We recommend," who? "Judas." That's right. Very interesting written little letter somebody composed that certainly applies to what we're talking about here, right? Jesus chose 12. And he had reasons to choose those 12 wherewith nobody probably understood at the time. You do not judge the book by its cover. Is that what we say? That's right.

You might not think of yourself of having much to offer. But you better think again, because with Christ you have a lot to offer. Is that right? That's right. It's probably a very sad commentary if we would all just realize how much potential we have wasted. I think back to the 63 years of my life, and just think what my life could have been if I let God lead in every aspect of my life.

We probably shortchange ourselves way, way too much. How well do you follow? So what he did, Jesus chose men that he knew would one day become men that he definitely wanted, would definitely fulfill their responsibilities. I don't know who shared this little illustration. Maybe it was Pastor Doug, I don't know. But he talked about.

..gave an illustration, a man who offered some kind of prize to three gentleman for that man who could walk the straightest line. And the way he was gonna do it was he was gonna go across this great big field and leave the men on the other side. And this was a freshly snowed-on field. Snow blanket covered the field. And the men were to walk towards the man.

And the one that walked the straightest line would get the prize. Well, as they started walking toward the man, one man was watching the other two, see how well they were doing. And the second man was looking back to see how well he was doing. And the third man--you guessed it--where was he looking? He was looking at the leader. And he was the one that walked the straightest line, right? Those other two were looking at others, looking at themselves, didn't walk a very straight line.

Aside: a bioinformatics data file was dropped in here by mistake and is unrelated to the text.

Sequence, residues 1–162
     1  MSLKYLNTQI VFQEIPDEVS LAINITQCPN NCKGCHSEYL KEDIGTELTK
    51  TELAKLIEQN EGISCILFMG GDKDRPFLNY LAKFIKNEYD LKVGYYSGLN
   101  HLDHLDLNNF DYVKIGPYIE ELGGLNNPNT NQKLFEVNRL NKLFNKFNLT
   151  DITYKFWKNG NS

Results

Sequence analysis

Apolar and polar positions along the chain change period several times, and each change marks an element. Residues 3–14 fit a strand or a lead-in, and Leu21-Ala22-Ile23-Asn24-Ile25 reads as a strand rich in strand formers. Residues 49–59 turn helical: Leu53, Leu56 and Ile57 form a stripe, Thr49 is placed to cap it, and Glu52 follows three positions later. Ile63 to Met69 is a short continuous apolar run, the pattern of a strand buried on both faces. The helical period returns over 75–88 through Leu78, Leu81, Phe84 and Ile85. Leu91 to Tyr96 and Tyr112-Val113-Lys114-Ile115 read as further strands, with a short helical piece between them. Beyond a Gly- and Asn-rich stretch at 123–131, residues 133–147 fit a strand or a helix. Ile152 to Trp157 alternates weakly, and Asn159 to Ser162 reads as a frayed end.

So very true how we need to keep our eyes upon our leader. Remind me of a long-distance racer back--i think his name was roger bannister. Maybe some of you remember better than I do--one of the first men to break the 4-minute mile, run the mile in less than 4 minutes. That's really--that's really going fast. A lot of people have done it now.

But he was one of the very first. And this other man, I forget his name, but they had both broken the 4-minute mile. And they were finally in the same race together. And boy, this was the race to be looked for. Everybody was anticipating this race.

And as they went around once, twice, three times, they're coming around the fourth time, I believe it was roger who was ahead. And coming around that last corner, he took just a little moment to look over his left shoulder to see where the next runner, his most highly competitor was. And as he was looking over his left shoulder, that runner was going around his right side. And roger lost his stride, and he lost the race by looking back. And that's very applicable to us.

How many times have you lost your stride, spiritually-speaking, by looking back? I mean we look back sometimes to gain some profitable understanding and experience, but don't look back to throw yourself off stride, because we need to look forward, right? That's right. Would somebody read for us Matthew 10:24-25? I think somebody has that. "A disciple is not above his teacher; nor a servant above his master. It is enough for a disciple that he be like his teacher, and a servant like his master. If they have called the master of the house beelzebub, how much more will they call those of his household!" Thank you very much.

A disciple is not above his or her teacher. Now if we're disciples of Jesus that shouldn't be a difficult thing. We should never think we're above Jesus. Although sometimes we get to thinking we know more than God does. Do we do that sometimes? But when it really comes to bear is on the human level, doesn't it? Sometimes we have leaders.

And rightly so, we have to have that. And sometimes we have followers. And sometimes followers begin to think the leaders don't know what they're talking about. Or they're leading us in the wrong direction. Many challenges take place because of that.